Stewed snails: an elite traditional Italian dish

Most people know about snails (escargot) in French cuisine but the Italian tradition has more distant roots in time and a particular taste that is being discovered all over the world.

Snails have been the mysterious object and represent one of the most controversial foods, now elevated to an elite food and rejected as a meal of the poor. However, the gastronomy experts have managed to find an opinion shared by everyone regarding snails, that are considered today as a nutritious and refined food.

Snails, earth snails, have always been consumed, since the stone age.

There are many Greek and Roman sages and authors spoke about snails in their works, thus confirming how much they were known and appreciated that many centuries ago.

The Greeks and Romans considered them as delicious products and particularly appreciated the aphrodisiac virtues. For a long time they were served in the banquets of the Empire, as they were considered fashionable food.

There are various legends related to snails. It is said that a Roman soldier, during the siege of Carthage, while ‘chasing’ snails, of which he was a gourmand, discovered the secret underground passage that allowed his forces to penetrate inside the city walls.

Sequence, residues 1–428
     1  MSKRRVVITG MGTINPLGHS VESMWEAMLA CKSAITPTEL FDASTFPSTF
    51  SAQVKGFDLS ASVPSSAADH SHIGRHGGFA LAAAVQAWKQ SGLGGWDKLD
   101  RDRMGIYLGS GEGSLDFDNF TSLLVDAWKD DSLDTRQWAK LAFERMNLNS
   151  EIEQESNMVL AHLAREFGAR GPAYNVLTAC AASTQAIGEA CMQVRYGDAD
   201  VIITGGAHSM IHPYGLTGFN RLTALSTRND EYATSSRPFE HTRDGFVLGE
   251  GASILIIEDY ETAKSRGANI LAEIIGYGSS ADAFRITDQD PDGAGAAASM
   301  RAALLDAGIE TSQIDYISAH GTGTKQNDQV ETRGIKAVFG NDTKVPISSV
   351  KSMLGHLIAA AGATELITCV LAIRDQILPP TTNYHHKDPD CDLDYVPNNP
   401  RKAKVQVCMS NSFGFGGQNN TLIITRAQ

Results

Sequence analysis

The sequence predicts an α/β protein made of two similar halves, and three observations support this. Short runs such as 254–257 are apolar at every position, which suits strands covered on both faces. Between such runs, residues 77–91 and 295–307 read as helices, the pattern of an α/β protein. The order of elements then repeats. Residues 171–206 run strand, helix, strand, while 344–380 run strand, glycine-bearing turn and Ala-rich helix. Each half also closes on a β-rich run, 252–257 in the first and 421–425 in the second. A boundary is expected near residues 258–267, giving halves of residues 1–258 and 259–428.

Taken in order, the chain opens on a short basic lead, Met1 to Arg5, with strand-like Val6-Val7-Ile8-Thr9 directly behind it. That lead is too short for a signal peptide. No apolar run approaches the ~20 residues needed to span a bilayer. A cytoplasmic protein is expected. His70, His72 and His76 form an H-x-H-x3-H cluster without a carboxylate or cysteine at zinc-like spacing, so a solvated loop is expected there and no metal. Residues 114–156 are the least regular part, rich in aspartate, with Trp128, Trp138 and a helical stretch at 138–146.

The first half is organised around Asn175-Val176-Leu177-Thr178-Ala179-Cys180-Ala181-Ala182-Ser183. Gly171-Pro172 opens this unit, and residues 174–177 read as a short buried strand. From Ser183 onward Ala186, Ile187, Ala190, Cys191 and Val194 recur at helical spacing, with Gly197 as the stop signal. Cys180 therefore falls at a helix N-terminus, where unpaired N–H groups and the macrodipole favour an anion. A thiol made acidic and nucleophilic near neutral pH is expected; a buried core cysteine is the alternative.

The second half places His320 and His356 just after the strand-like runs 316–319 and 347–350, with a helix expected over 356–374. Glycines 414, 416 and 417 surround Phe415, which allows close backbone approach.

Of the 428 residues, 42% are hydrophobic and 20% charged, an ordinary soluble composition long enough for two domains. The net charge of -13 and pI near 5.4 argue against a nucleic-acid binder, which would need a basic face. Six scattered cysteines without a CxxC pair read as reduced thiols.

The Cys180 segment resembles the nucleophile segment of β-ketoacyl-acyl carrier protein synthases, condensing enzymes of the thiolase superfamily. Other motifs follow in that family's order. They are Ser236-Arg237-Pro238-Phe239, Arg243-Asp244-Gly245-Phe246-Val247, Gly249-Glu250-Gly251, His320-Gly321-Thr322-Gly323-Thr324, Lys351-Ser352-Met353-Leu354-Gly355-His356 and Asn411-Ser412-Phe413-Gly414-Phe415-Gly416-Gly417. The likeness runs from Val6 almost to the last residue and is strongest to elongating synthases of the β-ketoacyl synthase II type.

In the fifteenth and sixteenth centuries snails were above all a popular food, consumed mainly as “lean meat”.

They remained food for the “poor” until the first decade of the nineteenth century, when after a famine they ended up regaining a place of honour in high French cuisine.

The French appreciated the snails so much that they even included them among the most elite recipes, as demonstrated by the refined dishes based on escargot, still very popular today.

The Italian gastronomic tradition of stewed snails has them prepared with tomato sauce then used to season a pasta dish or to taste over slices of artisan bread.

It is a dish to try at least once. Once it was tradition, especially in San Giovanni in June, today with quality farms having been started throughout the Italian peninsula they can be enjoyed practically throughout the year.

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